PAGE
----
Police demand tougher powers to fight child porn on web

Police demand tougher powers to fight child porn on web
Photo: DPA

Police are struggling to keep the internet clean of child pornography, with four out of 10 offending sites still accessible in Germany a week after they are posted, media reported Thursday.


The internal Federal Criminal Police (BKA) report for the first half of 2010 has prompted authorities to demand tougher measures allowing them to temporarily block the sites until they can be removed altogether, daily Die Welt reported.

“Child pornography websites remain accessible for too long despite all efforts at deletion,” the report said.

Until sites could be removed, there was “immense user traffic” that led to “a failure of public safety and order,” it said.

The BKA therefore recommended blocking the sites until they could be removed.

BKA president Jörg Ziercke has repeatedly pleaded for the power to block sites, but has come up against the opposition of the Free Democrats, the junior ruling coalition partners who are concerned about broadly-aimed censorship on the web.

Ziercke has argued that removal of sites alone is not enough to combat child pornography as the producers of the material always have copies.

Wolfgang Bosbach, an MP with Angela Merkel’s ruling Christian Democrats (CDU) and chairman of the parliamentary committee for interior affairs, backed Ziercke’s position, saying the CDU was “energetically advocating” internet blocks.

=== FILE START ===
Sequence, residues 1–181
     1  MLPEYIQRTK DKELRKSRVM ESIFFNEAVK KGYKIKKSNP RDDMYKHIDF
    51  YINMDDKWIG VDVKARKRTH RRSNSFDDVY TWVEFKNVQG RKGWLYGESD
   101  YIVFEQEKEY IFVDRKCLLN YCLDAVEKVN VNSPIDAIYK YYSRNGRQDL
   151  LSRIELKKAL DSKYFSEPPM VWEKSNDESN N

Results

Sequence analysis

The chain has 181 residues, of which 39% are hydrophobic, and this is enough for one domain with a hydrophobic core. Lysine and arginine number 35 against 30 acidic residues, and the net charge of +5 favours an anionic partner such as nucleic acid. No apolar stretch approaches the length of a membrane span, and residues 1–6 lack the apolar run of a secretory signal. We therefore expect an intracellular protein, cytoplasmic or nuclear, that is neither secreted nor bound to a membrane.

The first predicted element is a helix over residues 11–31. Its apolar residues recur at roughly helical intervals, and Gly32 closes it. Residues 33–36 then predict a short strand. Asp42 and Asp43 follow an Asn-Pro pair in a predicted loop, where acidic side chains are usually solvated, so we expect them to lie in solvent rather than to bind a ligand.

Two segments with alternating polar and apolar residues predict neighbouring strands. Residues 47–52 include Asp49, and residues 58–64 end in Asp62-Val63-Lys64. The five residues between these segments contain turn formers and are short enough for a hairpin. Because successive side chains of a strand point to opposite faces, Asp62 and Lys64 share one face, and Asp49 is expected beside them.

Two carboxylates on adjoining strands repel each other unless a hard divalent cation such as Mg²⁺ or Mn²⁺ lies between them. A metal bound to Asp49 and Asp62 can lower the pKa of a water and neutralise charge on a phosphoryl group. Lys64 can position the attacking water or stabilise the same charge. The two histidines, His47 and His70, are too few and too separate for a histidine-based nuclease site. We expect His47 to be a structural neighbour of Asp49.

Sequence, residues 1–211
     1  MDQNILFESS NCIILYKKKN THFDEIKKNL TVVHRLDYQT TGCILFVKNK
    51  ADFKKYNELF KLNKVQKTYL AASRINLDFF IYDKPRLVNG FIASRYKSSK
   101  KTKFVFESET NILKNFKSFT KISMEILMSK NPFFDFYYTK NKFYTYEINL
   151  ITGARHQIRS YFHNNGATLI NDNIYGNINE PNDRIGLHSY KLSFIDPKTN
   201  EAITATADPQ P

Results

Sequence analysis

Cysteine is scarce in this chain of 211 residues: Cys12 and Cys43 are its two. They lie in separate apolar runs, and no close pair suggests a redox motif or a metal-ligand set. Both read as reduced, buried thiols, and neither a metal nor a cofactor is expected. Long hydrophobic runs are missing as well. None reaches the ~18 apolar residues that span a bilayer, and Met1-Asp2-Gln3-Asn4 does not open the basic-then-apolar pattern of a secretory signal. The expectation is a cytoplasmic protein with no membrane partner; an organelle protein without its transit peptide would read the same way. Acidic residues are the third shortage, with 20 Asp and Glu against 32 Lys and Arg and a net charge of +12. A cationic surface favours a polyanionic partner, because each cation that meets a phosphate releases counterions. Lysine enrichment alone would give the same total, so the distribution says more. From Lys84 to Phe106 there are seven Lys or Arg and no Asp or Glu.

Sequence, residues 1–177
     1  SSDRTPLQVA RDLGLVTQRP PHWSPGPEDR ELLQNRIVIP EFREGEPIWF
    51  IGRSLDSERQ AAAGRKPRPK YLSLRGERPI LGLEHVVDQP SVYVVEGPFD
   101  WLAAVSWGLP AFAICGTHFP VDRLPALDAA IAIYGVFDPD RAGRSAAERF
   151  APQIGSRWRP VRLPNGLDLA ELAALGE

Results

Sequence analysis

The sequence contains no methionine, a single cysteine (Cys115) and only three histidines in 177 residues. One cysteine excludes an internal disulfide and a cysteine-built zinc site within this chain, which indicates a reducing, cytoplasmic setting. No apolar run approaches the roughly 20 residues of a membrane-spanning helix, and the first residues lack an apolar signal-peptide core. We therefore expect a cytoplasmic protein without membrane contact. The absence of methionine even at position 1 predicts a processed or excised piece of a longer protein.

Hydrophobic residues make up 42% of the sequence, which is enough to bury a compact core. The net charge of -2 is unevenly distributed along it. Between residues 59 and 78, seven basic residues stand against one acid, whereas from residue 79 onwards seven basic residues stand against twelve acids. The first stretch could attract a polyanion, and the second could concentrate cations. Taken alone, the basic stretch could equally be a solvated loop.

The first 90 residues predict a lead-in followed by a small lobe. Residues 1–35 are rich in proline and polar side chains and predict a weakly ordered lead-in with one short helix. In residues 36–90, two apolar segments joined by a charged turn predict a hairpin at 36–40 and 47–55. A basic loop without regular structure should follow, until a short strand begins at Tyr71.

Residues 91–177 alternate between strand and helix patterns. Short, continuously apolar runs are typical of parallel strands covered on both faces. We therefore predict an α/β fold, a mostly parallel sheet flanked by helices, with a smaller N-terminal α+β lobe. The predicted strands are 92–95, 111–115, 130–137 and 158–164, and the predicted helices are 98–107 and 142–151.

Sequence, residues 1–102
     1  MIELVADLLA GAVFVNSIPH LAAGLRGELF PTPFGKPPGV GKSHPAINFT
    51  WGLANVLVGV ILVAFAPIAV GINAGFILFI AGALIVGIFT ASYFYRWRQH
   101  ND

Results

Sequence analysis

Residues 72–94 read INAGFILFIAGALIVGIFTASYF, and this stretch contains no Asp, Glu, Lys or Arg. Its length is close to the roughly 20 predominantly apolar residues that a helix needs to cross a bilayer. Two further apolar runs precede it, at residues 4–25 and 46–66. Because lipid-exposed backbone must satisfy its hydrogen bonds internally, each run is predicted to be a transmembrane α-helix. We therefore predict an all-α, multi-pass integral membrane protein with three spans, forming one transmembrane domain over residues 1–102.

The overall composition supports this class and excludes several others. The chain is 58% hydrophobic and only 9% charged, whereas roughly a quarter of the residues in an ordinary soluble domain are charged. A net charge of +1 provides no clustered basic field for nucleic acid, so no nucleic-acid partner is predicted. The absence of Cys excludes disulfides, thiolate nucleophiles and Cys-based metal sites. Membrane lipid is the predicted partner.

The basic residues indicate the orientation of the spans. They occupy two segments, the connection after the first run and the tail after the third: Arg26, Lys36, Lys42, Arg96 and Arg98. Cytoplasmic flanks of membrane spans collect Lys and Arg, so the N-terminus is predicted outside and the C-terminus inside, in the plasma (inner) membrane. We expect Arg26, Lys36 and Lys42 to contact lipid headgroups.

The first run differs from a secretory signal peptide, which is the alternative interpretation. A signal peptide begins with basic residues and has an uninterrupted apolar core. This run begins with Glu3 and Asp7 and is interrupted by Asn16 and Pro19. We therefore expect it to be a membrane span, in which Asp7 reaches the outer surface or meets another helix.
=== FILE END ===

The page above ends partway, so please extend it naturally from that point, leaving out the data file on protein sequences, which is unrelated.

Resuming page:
He called on his FDP coalition partners to clarify their position as quickly as possible.

“Criticism of the BKA is no answer,” he said.

But Justice Minister Sabine Leutheusser-Schnarrenberger, of the FDP, is holding firm to her “removal not blocking” principle, and deemed the BKA partly responsible for the poor results.

“Reliable figures depend also on the BKA’s future manpower resources,” she told the paper. The BKA had only begun to make progress on removing child pornography sites after lengthy preparation work, she added.

Leutheusser-Schnarrenberger and her FDP colleagues have long argued that blocking sites doesn’t do enough to stop users accessing child pornography while also posing the risk that innocent sites will be censored. Censorship is a concern for the party, which ideologically opposes government restrictions.

“It doesn't represent an effective measure in the fight against child pornography and at the same time does great damage to confidence among Internet users,” Leutheusser-Schnarrenberger has said in the past.


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